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About stacdliw

  • Birthday 06/09/1953

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    Louisville, Ky.
  • Interests
    University of Kentucky sports fan

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  1. I really enjoyed reading your blog. I read all of your entries and found them well-written and interesting. They were also quite humorous as well and found myself chuckling often. I'll try to click on your blog in the future!
  2. So happy that your wedding day was a success and you were able to enjoy it to the fullest! Your dress was absolutely georgeous! I hope you recover quickly so you can enjoy your honeymoon!!
  3. I know that many of us here suffer from migraines and I just wanted to share my experience with the Botox procedure. It has been a godsend! Prior to having Botox, I was having at least 4-6 migraines per week, most of those moderate to severe. Relpax was my best friend and my pharmacist was alaramed at the amount of Relpax I was taking per month. When my migraine specialist first applied to the insurance company for approval, I was denied-- I think because I didn't meet the strict guidelines for the number of 4+ hour migraines needed per month (see link below). My migraine specialist didn't give up-- I'm not exactly what he did, but I do know he spoke directly to one of the neurologists who is on the panel who makes the decisions for Botox/Migraine decisions and his appeal included that I suffer dysautonomia with symptoms which include migraines! The first time I ever had a doctor that actually understood dysautonomia and its symptoms and fought an insurance company and won! I had the procedure done three months ago.The neurologist sticks 15 tiny needles in various places around your forehead, skull and the back of your neck (see link below). It doesn't really hurt at all and I can't say Isuffered any major side effectsl. My neurologist said that I should see a 40% improvement and that the severe headaches should become moderate headaches, the moderate headaches would become mild headaches and the mild headaches would become very mild or none at all. My neurologist told me to call back in six weeks to report how well the Botox helped my migraines. I had kept a thorough journal for six months prior to the Botox procedure and logged the date and severity of each migraine and I did the same after the Botox procedure. I saw an almost immediate improvement right after the Botox procedure. Overall, I had a 42%reduction of all migraines. Most importantly, I had a 80% improvement in severe migraines, including those lasting 4+hours. In the past, I was averaging 2-3 severe migraines a week. Now, I have had only 3 severe migraines in 7 weeks! More importantly, most of my moderate migraines can now be treated with over the counter meds!! Such major improvement!! I have to have the Botox treatment every 3 months and the neurologist says that with each treatment I'll see even more improvement. I'm sooo thrilled. I was bedridden at least 3-4x weekly with my migraines. So, any improvement I can get, I'll take. Please click on the link below and see if your migraines qualify you for the Botox treatement. If you think it does, run, don't walk, to your nearest migraine specialist. I can't tell you how this has improved my life! I hope it can help you too! http://www.botoxchronicmigraine.com/about-chronic-migraine/?cid=sem_CMB_goo_s_7899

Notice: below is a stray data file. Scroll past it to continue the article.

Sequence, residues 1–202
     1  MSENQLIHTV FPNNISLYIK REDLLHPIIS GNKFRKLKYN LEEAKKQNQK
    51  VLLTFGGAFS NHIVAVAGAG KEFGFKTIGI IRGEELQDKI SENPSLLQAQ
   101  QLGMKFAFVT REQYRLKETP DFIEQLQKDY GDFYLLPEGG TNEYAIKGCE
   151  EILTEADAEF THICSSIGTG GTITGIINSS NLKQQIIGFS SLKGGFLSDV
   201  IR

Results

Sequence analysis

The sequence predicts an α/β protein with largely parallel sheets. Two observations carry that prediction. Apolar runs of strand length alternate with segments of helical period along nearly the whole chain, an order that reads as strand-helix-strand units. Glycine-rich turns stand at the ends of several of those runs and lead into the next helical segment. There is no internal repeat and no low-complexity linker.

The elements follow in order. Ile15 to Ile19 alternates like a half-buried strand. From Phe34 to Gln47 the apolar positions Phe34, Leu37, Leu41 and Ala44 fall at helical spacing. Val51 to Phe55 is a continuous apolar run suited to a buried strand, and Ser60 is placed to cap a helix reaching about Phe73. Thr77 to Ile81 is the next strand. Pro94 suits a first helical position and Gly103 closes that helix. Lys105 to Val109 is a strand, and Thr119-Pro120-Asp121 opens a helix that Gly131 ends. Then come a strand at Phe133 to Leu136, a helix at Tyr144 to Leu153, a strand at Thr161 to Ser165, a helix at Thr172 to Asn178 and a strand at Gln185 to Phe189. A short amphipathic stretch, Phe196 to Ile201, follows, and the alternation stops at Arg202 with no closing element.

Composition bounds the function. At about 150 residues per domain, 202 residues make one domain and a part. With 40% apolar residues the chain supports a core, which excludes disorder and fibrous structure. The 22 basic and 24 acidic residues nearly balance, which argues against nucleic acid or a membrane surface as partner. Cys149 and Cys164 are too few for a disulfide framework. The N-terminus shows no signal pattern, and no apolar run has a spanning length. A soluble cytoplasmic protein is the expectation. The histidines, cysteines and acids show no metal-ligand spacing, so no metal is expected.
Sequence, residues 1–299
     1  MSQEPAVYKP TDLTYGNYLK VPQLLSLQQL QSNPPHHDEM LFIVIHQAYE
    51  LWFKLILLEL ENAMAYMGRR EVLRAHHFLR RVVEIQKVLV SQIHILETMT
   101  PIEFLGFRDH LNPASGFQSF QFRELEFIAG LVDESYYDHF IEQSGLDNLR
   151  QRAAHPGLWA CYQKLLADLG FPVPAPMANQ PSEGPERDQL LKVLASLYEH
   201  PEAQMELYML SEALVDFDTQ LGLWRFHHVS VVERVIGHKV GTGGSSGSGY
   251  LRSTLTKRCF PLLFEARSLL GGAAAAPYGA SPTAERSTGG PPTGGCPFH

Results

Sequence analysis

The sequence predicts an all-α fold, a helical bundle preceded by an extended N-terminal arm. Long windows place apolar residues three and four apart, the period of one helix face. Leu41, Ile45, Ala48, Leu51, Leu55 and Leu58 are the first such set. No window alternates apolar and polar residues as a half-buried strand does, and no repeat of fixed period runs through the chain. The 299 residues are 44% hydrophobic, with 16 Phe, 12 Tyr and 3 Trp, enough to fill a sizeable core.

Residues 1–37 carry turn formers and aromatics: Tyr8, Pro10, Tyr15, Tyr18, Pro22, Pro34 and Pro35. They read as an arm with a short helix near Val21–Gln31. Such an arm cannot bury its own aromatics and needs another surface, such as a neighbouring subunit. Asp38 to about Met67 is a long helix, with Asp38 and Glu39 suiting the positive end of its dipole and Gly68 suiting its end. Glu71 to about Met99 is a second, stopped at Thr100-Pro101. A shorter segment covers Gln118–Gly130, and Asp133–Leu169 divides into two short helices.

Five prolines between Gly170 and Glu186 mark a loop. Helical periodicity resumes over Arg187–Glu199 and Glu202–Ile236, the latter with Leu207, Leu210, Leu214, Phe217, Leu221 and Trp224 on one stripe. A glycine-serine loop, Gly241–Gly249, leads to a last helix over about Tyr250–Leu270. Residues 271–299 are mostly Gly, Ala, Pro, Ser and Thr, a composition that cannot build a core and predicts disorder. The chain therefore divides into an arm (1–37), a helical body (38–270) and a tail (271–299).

4. I have a severe neuropathic pain disorder of the upper gastric area, and most recently, of the colon. For the past 18 months, my Pain Specialist has been slowly increasing my dosage of Neurotin, so as to cause no adverse side effects. My pain is so severe that within the last 2 months, my Neurotin has been increased to 2400mg daily, but I'm noticing side effects which I didn't have never had before. Nothing serious, just an increase in nasal stuffiness, ear stuffiness, ear noises( tinnitus), and inconsistent blurring of my vision. Though I am near-sighted and can read text fine, I am sometimes finding the words in a book as blurry as the words on the TV several feet away. Plus twice in the past six weeks, I have awoken to bloodly ear drainage on my pillowcase, but my doctor found not only no evidence of a ruptured ear drum, but no evidence of a reddened ear. However, regardless how annoying these side effects are, I'll just have to live with them. After almost 2 years of constant severe pain, I'm finally getting some relief with 2400mg of Neurotin! But I do have two questions: Is it common for side effects to occur only when an increase on Neurotin occurs? Has anyone else had similiar side effects with Neurotin? Thanks, Bev Ray